Regional Modern: Oregon Homes Respond to the Landscape

Editor's Note: The Regional Modern series focuses on the regional differences in modern and contemporary architecture, countering the impression that "modern" means universal and placeless. In photo tours from Manhattan to Malibu, see how today's innovative homes are influenced by climate, environment, and culture, becoming both private oases and part of a larger landscape we all share.

It may be easy to argue that what drives architecture and design in Seattle, Washington, is the same in Portland and other areas in Oregon to the south, creating a general Pacific Northwest modern style. There may be some truth in that in regards to climate and landscape, but each metropolitan area is unique in cultural and other aspects. This leads to idiosyncratic if similar modernisms in each region.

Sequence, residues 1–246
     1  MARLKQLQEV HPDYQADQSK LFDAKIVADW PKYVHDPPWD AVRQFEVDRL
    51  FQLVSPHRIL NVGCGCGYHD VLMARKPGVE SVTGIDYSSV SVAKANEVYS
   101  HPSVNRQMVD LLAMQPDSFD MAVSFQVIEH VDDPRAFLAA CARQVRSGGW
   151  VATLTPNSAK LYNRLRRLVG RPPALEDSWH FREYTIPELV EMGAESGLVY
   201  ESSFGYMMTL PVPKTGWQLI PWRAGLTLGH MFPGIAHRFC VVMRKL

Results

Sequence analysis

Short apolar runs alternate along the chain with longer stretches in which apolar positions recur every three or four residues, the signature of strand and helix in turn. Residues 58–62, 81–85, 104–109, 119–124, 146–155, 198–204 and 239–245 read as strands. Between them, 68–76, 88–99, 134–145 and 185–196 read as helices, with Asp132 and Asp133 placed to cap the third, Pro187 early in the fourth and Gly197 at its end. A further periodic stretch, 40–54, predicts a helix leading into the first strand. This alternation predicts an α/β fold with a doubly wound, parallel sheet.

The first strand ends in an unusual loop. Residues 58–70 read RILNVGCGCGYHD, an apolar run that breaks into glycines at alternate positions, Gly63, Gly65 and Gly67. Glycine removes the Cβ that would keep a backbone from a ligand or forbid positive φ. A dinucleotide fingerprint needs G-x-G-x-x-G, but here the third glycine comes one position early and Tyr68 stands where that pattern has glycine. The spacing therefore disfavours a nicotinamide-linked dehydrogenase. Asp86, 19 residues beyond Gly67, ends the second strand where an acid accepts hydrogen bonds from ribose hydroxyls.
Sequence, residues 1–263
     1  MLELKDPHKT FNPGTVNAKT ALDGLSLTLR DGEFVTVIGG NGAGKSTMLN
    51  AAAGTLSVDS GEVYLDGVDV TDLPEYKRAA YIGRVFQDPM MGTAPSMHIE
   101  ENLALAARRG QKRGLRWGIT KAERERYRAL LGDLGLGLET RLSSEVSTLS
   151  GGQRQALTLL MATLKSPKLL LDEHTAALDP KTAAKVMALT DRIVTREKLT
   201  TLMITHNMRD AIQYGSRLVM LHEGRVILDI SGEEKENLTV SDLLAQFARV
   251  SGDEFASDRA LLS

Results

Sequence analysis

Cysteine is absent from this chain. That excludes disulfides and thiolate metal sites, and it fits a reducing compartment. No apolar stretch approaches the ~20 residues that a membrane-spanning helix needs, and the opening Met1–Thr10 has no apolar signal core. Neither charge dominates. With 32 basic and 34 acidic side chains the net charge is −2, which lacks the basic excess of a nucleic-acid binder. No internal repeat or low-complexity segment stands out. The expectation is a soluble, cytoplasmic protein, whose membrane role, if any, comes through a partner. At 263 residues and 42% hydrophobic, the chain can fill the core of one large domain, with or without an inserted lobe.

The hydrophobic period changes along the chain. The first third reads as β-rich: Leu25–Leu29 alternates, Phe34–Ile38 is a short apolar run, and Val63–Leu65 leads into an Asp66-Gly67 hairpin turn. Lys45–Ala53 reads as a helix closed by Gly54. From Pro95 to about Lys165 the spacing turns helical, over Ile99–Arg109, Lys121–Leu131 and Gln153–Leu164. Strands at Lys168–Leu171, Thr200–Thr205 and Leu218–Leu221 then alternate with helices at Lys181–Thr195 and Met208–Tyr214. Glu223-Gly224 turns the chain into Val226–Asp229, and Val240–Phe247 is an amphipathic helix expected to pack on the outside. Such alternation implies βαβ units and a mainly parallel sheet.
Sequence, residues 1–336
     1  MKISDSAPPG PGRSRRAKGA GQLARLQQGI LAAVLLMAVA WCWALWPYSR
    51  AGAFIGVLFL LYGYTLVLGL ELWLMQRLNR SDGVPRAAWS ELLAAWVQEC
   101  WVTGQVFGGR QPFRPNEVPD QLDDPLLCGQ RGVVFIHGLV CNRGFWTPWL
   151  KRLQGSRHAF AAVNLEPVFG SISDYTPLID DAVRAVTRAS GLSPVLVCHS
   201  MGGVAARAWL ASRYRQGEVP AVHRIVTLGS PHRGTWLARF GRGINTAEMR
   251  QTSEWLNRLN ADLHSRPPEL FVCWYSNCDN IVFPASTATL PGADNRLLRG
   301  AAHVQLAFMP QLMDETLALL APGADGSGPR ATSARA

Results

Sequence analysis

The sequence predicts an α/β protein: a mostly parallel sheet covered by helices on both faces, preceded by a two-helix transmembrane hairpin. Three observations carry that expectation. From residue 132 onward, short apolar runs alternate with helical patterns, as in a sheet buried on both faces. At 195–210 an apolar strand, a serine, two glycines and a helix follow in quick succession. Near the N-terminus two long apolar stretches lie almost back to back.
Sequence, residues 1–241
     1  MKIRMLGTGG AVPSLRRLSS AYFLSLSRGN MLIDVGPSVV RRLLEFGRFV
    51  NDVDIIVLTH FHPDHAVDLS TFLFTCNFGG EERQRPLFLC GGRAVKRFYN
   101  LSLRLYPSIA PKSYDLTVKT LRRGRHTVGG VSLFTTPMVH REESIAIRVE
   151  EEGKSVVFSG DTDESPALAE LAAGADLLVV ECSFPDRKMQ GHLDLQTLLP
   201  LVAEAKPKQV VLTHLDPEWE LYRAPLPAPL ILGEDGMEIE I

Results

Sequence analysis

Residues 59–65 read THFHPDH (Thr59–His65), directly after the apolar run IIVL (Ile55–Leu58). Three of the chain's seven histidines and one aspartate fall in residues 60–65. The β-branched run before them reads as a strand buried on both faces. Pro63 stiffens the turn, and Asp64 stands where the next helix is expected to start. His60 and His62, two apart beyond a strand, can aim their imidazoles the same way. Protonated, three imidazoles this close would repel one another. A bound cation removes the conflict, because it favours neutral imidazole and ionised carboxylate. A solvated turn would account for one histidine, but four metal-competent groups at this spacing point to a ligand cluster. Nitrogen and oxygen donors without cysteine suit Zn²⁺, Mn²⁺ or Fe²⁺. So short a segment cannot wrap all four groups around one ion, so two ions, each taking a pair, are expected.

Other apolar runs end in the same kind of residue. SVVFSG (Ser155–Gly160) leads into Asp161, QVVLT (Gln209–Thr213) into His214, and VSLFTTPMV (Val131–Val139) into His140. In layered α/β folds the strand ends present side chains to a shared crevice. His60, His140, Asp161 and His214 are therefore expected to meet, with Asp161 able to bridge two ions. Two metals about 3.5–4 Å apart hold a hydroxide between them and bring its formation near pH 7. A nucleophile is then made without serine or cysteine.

Portland is known among those interested in architecture and urbanism for its dense core and varied transportation, a result of strong top-down planning that is forward thinking in its sustainable goals. Here, the greenfield suburbanization of farmland that is the favored practice around the United States is eschewed in favor of preserving a greenbelt around the city. While this general plan has led to some quality interventions in the urban core, the houses that follow clearly fall outside that area -- and into other parts of Oregon -- and are indicative of design that responds to landscapes rather than city life.


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John Hill is a New York City-based architecture writer for Houzz.com.

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